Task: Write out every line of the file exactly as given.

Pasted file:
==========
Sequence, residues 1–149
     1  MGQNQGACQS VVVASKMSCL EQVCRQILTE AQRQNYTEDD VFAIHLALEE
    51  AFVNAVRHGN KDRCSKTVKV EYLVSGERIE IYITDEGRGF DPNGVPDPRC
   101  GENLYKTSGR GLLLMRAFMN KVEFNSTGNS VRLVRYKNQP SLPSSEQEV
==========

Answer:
Sequence, residues 1–149
     1  MGQNQGACQS VVVASKMSCL EQVCRQILTE AQRQNYTEDD VFAIHLALEE
    51  AFVNAVRHGN KDRCSKTVKV EYLVSGERIE IYITDEGRGF DPNGVPDPRC
   101  GENLYKTSGR GLLLMRAFMN KVEFNSTGNS VRLVRYKNQP SLPSSEQEV